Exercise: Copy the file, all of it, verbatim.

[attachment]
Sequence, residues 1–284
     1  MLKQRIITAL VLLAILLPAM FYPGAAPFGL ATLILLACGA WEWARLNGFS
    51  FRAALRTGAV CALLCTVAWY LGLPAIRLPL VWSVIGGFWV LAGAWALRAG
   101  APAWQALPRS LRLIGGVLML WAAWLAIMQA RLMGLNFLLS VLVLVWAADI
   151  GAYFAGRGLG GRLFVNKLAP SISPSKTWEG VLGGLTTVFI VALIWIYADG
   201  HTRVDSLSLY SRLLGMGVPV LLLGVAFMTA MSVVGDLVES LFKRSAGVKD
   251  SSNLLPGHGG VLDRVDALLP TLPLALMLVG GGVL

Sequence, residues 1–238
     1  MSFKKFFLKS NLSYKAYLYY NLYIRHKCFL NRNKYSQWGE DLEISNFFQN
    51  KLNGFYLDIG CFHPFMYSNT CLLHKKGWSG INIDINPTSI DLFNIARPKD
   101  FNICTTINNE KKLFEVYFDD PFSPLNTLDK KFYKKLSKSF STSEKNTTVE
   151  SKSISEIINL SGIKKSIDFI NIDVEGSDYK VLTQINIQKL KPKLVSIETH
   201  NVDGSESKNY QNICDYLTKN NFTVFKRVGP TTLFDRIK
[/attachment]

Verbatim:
Sequence, residues 1–284
     1  MLKQRIITAL VLLAILLPAM FYPGAAPFGL ATLILLACGA WEWARLNGFS
    51  FRAALRTGAV CALLCTVAWY LGLPAIRLPL VWSVIGGFWV LAGAWALRAG
   101  APAWQALPRS LRLIGGVLML WAAWLAIMQA RLMGLNFLLS VLVLVWAADI
   151  GAYFAGRGLG GRLFVNKLAP SISPSKTWEG VLGGLTTVFI VALIWIYADG
   201  HTRVDSLSLY SRLLGMGVPV LLLGVAFMTA MSVVGDLVES LFKRSAGVKD
   251  SSNLLPGHGG VLDRVDALLP TLPLALMLVG GGVL

Sequence, residues 1–238
     1  MSFKKFFLKS NLSYKAYLYY NLYIRHKCFL NRNKYSQWGE DLEISNFFQN
    51  KLNGFYLDIG CFHPFMYSNT CLLHKKGWSG INIDINPTSI DLFNIARPKD
   101  FNICTTINNE KKLFEVYFDD PFSPLNTLDK KFYKKLSKSF STSEKNTTVE
   151  SKSISEIINL SGIKKSIDFI NIDVEGSDYK VLTQINIQKL KPKLVSIETH
   201  NVDGSESKNY QNICDYLTKN NFTVFKRVGP TTLFDRIK